- AA/UA offer similar service to ORD

    Have you ever flown to/through ORD? If you have a connection there after 12pm, it's pretty much guaranteed that it will be delayed, even on a nice day. If we want to expand ORD to handle today's traffic (nevermind 2015 traffic), it's gonna cost a lot more than $11.5 billion.

    That's the big problem – everyone wants to focus on the costs of doing something but they don't realize that doing nothing also has a cost.

    I should rephrase: The Highway Trust Fund was set up so that 100% of the funds collected went to highways. Over the years, politicians have been able to capture 40% of the funds collected to support a laundry list of other transport and transport related causes.

    It's closer to 20% of the user fees (its 40% of the total receipts). Even if that money went exclusively to highways, the system still wouldn't pay for itself, not to mention that the highways would be more congested without transit.

  8. The Urbanophile says:

    OINKER, while I don't agree with your take entirely, I do appreciate that you're trying to make arguments from facts or sources.

  9. The Urbanophile says:

    Alon, thank for the reference to the St. Louis study. They told me they were doing it, but I didn't know it was done yet.

    I scanned it. Quick reactions:

    - They adopted the Urbanophile solution of using the IC (the CN in their study) corridor instead of the existing routings. I don't understand why Union Station/WLTC needs to be the terminal. I'd personally suggest building a new high speed terminal at Van Buren St. Station. In any case, the city has hinted that it would like to remove the St. Charles Air Line, so this is all the more reason to save it.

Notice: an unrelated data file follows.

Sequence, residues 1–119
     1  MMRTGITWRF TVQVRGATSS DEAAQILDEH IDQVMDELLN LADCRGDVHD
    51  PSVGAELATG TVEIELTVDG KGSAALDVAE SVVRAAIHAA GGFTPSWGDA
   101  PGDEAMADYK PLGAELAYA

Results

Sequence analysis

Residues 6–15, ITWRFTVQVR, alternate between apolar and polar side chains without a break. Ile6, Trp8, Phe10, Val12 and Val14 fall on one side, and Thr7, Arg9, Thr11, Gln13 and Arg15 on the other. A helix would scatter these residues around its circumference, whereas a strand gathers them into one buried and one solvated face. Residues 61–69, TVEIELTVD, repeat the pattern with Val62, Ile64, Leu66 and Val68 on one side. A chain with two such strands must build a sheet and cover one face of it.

- The St. Louis routing makes the most political sense since it maximizes coverage in Illinois, and thus has the most support in-state

    - The IC routing via Champaign also better connects UofI to Chicago. Right now UofI suffers from being too far from a major city.

    - Two hour service would count as a "game changing" reduction in travel times.

    - The budget would appear to be a non-starter, however.

    - St. Louis isn't a bad starter market. It's got a decent population base and historic core, but the metro is stagnant. How much connectivity in terms of people and economic flows link the cities today?

    - The Mississippi River bridge is a major issue. I don't see how the FRA will ever permit shared trackage with freight. An East St. Louis terminal would be far from ideal. Is there dedicated trackage for the light rail system on one of those bridges? Maybe that's the best routing.

    The interesting thing to me is that the proposed 110MPH system is only about 20% faster than the average service levels in 1937 – and not that much better than the current Amtrak times. I can't see that doing much.

  10. Alon Levy says:

    Caltrain is in the process of showing to the FRA that non-compliant trains perform as well in crashes as compliant trains. Reportedly the FRA is very open to its persuasion, and maintains the current system out of inertia more than anything.

  11. The Urbanophile says:

    Alon, I prefer the European approach in any case: focus on preventing accidents rather than survivability. The European HSR safety record is impressive. The only accident I can recall is the ICE disaster, which IIRC had something to do with metal fatigue in a wheel. Plus, that was a collision with a bridge, and was only at 125MPH to boot and on a conventional rail track, not a dedicated HSR track. Nevertheless, 102 people did die. But I'm guessing Amtrak has suffered as many or more fatalities than that even with FRA rules and far fewer passenger miles.